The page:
Abingdon announced the new model, prosaically dubbed MGB GT V8, in August 1973. With a starting price of £2,085.42 with tax (around $5,000 at the contemporary exchange rate), it cost almost 50% more than a four-cylinder MGB roadster. The V8 was still cheaper than a UK-market 240Z, which was subject to heavy import duties, but an uncomfortable £430 (over $1,000) more than the Ford Capri 3000GT, which had similar performance in a more modern package. The V8 also had the misfortune to bow just before the 1973 OPEC oil embargo, which made buyers shy away from powerful, thirsty cars.
The V8 would probably have done better in the U.S. even after the embargo; by the standards of the American market, it was practically an economy car. British Leyland showed the MGB GT V8 to its North American distributors and Abingdon did build a small number of LHD cars — between six and nine — for evaluation, but the company ultimately elected not to export the V8.
The reasons for that decision are not entirely clear. The cost of federalization was likely a factor; the Rover 3500 had already been withdrawn from the U.S. market, with the Range Rover slated for withdrawal in 1974, and the projected volume of the MGB V8 probably would not have justified the cost of emissions certification (although it was crash tested). British Leyland management may also have wanted to protect the upcoming Triumph TR7 — BL withdrew the four-cylinder MGB GT from the U.S. market in early 1975 for much the same reason.
There have long been rumors — repeated by John Thornley, among others — that Rover’s licensing agreement with GM limited Rover’s total production of the V8, presumably to prevent Rover from competing with GM’s own products. However, Dan Wall, Rover’s head of V8 engine development in the seventies, later told David Knowles that Wall knew of no such restrictions. He said GM executives had long since lost interest in the aluminum engine, which Buick had dropped in 1963, and were more bemused than threatened by Rover’s continued interest in it. Nonetheless, there were limits to Rover’s engine production capacity, most of which was already earmarked for Rover’s own products, including the P6, the Range Rover, and the forthcoming SD1.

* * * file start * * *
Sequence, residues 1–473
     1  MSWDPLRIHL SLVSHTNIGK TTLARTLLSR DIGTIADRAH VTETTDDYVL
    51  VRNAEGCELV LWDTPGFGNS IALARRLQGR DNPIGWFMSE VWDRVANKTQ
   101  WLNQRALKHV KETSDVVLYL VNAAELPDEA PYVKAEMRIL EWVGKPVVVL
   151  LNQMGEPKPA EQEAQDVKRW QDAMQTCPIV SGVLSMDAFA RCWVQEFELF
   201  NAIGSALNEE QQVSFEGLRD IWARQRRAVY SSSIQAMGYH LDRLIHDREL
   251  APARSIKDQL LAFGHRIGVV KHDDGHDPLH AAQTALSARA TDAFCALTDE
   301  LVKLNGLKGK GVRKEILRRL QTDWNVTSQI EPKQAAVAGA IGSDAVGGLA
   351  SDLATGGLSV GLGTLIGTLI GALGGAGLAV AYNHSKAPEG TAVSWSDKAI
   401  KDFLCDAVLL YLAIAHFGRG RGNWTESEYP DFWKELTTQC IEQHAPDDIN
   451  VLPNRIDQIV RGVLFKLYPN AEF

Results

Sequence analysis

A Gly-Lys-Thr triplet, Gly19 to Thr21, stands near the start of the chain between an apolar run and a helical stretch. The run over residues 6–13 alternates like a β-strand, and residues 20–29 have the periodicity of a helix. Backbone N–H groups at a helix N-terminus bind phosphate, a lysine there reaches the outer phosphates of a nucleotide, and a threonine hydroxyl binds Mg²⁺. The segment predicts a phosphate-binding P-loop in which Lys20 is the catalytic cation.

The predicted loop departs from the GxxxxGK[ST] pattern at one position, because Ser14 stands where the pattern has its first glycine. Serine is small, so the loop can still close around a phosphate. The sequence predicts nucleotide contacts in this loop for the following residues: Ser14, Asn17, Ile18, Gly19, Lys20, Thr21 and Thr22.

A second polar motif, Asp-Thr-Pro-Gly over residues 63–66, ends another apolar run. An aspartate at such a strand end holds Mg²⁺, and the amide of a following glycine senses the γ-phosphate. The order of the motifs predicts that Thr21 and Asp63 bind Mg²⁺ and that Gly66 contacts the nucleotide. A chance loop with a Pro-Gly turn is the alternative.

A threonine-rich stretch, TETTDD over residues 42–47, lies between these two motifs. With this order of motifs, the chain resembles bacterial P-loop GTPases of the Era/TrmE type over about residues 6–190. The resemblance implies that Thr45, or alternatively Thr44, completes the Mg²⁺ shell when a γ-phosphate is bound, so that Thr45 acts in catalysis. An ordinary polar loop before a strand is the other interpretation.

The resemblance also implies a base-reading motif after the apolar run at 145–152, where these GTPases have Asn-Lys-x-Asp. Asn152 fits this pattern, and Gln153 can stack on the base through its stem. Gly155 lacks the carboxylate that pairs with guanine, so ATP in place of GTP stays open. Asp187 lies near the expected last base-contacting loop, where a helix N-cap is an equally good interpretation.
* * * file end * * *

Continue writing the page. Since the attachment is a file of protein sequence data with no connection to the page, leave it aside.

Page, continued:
Whatever the rationale, the lack of exports sharply curtailed the V8’s sales potential. With no LHD version, the MGB GT V8 couldn’t be sold in Europe (where the market would probably have been limited in any event) and it was too expensive for most Britons, particularly during the fuel crisis. MG continued to offer the MGB GT V8 through the 1977 model year, but sales never topped 800 a year. When production ended in July 1976, the grand total came to only 2,591 cars, making it one of the rarest factory MGBs. Ken Costello, meanwhile, did about 225 conversions in the seventies and another batch in the late eighties.